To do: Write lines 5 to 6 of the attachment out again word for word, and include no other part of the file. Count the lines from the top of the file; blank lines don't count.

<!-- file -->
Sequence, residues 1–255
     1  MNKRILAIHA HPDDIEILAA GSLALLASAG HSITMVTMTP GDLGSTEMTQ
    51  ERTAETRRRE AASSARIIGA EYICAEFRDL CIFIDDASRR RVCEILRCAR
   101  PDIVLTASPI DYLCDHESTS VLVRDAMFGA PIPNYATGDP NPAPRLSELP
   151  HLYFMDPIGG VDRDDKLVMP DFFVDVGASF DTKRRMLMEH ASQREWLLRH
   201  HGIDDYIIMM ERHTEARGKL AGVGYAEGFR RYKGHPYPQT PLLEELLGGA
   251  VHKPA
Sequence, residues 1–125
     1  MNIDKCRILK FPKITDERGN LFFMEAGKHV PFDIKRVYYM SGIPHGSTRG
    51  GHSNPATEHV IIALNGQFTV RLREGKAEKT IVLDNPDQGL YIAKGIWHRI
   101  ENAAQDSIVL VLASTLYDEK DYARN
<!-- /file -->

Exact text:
   151  HLYFMDPIGG VDRDDKLVMP DFFVDVGASF DTKRRMLMEH ASQREWLLRH
   201  HGIDDYIIMM ERHTEARGKL AGVGYAEGFR RYKGHPYPQT PLLEELLGGA